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LoznLou´s adventures

Honduras, Nicaragua

NICARAGUA | Tuesday, 20 April 2010 | Views [538]

We hadnt quite had enough beach time after the island, so we headed for a wee town on the carribean coast of Honduras, planning to park up for a few days because easter over here is massive and everything gets booked up. It worked out perfectly, staying at a place right on the beach with heaps of Hondurian families on holiday. We made friends with some of them, talked spanish and did lots of chillin. We went to go snorkel on a shipwreak up the coast a bit but shame that people for a long time have dumped lots of rubbish and crap, making the beach disgusting, but braved it and did see some huge starfish and tropical fishies. I (Lauren) met a local dude who i was assured was trustworthy, and he took me on his motorbike so the other side of the peninsula which we would have never known about, it was beautiful, and he climbed a coconut tree to get some down which was amazing.. 


One night as we were preparing to light a fire with our friends on the beach, a massive bull appeared, just chilling with us on the beach.. strange we thought, but apparantly not.. Dotted around that coast are wee garifuna carribean villages to explore, they are full of culture, and the beaches are beautiful, Lou tried the traditional Coconut fish soup, we would have attended the night time drumming on the beach, but its a good thing we didnt cos apparently its actually rather dangerous to be there at night.

Our next stop was Lago de Yojoa mid Honduras, which was gorgeous, we stayed at a brewery in such a cute wee town, with fiendly locals who always gave us rides on the back of their pick-up trucks. We went to see a massive waterfall, went hiking into coffee plantations and drank a fair amount of homemade beer.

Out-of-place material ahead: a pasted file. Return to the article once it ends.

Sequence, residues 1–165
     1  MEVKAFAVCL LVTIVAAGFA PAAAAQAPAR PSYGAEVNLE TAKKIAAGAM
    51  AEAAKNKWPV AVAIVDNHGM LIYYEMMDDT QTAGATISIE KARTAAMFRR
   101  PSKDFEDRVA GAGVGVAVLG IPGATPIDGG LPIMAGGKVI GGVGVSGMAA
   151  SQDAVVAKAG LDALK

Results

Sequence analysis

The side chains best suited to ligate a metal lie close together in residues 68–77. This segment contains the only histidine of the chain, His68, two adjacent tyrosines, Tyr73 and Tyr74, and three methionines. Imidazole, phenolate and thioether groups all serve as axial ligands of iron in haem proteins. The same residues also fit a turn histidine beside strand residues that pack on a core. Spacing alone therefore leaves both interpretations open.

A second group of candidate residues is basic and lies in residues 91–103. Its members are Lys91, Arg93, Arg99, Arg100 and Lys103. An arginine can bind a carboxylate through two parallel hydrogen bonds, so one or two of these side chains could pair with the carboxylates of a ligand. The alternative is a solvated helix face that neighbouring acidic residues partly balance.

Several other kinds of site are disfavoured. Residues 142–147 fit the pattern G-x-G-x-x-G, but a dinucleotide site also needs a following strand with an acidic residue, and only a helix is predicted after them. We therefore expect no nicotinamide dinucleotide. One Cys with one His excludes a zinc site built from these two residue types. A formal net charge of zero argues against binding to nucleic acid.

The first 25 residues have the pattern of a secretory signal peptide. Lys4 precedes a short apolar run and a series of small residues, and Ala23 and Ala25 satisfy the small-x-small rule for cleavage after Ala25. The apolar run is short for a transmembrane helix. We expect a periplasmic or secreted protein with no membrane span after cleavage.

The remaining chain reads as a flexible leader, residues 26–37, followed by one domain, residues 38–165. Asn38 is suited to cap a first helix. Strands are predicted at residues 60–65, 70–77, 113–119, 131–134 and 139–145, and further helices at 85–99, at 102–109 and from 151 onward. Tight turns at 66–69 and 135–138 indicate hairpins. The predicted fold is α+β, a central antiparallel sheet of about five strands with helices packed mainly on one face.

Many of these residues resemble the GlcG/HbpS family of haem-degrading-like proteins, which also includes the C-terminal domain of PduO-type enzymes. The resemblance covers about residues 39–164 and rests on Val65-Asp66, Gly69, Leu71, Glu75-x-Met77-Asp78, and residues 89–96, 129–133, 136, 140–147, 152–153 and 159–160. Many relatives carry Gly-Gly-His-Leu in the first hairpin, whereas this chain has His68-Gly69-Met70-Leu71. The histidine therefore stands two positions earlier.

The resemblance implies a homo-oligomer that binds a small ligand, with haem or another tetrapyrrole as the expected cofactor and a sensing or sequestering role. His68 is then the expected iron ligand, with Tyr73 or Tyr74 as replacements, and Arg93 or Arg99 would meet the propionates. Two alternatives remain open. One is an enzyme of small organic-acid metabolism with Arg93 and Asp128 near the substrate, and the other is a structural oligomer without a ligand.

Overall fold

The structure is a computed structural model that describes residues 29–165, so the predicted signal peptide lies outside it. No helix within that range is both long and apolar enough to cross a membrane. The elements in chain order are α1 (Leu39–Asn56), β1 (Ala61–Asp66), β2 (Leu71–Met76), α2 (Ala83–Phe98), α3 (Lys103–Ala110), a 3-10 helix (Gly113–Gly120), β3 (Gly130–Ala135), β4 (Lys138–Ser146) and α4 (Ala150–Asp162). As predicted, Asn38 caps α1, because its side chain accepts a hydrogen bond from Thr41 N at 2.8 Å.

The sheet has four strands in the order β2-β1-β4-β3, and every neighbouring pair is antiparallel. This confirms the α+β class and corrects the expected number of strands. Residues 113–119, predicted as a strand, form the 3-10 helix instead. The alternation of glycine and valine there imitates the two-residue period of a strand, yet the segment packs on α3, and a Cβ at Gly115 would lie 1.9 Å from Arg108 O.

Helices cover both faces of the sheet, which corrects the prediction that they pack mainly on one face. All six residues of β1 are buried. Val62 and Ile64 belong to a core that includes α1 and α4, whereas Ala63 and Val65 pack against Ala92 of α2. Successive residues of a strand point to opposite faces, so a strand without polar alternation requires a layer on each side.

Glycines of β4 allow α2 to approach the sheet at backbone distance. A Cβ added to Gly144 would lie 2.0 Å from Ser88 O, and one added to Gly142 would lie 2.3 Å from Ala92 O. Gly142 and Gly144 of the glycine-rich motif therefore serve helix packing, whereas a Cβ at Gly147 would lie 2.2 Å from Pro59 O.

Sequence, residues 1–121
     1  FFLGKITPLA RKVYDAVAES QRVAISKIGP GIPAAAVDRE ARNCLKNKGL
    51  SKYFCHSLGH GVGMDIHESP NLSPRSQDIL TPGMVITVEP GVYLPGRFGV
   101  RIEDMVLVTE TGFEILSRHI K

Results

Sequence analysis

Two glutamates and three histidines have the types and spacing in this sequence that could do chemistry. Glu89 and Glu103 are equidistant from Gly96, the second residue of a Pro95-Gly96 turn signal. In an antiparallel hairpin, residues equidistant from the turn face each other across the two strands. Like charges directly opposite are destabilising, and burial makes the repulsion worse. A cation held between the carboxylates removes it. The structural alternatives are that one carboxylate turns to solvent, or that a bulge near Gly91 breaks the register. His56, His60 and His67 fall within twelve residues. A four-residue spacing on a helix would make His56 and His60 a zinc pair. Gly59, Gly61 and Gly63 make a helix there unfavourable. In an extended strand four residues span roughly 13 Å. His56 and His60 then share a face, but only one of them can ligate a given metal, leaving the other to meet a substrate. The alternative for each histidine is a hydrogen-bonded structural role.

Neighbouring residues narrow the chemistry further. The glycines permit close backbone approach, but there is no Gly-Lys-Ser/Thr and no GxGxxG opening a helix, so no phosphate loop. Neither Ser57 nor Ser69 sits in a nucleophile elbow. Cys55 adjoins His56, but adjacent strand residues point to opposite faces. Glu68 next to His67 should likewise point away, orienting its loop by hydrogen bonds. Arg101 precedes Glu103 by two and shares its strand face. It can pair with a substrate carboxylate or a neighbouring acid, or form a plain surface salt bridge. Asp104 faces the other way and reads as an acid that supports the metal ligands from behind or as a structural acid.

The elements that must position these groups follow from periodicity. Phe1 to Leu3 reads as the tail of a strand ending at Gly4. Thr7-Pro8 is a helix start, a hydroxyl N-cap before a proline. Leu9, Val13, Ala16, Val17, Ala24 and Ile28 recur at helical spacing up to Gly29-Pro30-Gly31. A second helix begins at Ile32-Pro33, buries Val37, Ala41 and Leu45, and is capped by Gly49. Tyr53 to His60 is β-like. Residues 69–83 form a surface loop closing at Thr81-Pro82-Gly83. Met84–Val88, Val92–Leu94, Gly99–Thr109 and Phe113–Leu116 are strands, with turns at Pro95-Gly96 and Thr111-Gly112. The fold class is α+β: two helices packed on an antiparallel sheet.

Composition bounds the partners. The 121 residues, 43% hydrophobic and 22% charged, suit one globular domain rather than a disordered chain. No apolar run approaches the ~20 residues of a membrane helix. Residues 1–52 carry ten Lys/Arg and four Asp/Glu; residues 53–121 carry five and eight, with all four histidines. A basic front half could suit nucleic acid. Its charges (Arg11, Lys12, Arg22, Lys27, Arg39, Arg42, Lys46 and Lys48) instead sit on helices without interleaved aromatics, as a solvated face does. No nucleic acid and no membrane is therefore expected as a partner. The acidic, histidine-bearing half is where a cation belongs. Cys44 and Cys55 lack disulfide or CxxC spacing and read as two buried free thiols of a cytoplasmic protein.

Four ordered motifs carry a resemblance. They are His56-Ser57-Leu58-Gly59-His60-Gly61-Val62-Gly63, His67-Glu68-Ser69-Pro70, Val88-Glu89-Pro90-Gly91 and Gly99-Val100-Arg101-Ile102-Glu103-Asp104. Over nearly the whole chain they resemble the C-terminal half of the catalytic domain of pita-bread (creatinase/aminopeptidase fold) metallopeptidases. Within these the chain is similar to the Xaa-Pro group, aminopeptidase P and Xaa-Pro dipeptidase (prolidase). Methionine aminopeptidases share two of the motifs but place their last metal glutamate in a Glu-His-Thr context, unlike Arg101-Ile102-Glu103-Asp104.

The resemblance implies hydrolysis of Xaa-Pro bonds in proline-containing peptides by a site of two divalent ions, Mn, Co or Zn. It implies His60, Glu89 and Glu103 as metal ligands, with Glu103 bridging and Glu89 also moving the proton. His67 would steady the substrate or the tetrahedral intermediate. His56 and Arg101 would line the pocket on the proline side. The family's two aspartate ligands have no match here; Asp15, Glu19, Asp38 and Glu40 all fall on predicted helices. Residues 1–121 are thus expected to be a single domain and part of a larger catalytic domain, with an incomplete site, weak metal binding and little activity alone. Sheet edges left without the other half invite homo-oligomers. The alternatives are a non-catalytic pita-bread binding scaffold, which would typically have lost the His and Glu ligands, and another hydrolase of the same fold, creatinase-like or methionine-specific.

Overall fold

Next we were off to the capital, as one of our new Hondurian friends lives there and promised to take us camping. It was awsome, even though the 3km walk was actually more like 11km uphill into the mountains. But it was worth it, there were 6 of us, staying in the bush in the middle of nowhere, just us and the big snakes... The tents that our mate borrowed didnt have flys, and yes it pissed down with rain, but luckily there was a palm-thatched shelter nearby, so we could toast our marshmellows without getting saturated. The bus ride back was as entertaining as they always are, this one had even more extremely loud music, (it always amazes us how villages can be quite poor but there is always a quality sound system nearby, blasting from the most unlikely places). Most of the time here they are blasing reggae or latin pop so its all good. (not when you are trying to understand spanish however..)


After a couple of days in the capital, we decided it was time to head for the Nicuraguan border, which was interesting, I wasnt sure I understood the bus guy that we needed a bike to get accross the border but it was clear when we pulled up at the border town and were ambushed by a million dudes with bikes with things on the front to take us and our bags the 3km accross the border. We agreed and laughed our way accross untill they tried to charge us extortionate prices. Luckily we are much more onto it now and can speak and understand spanish, so we ended up paying an 8th of what they were asking. Buggers.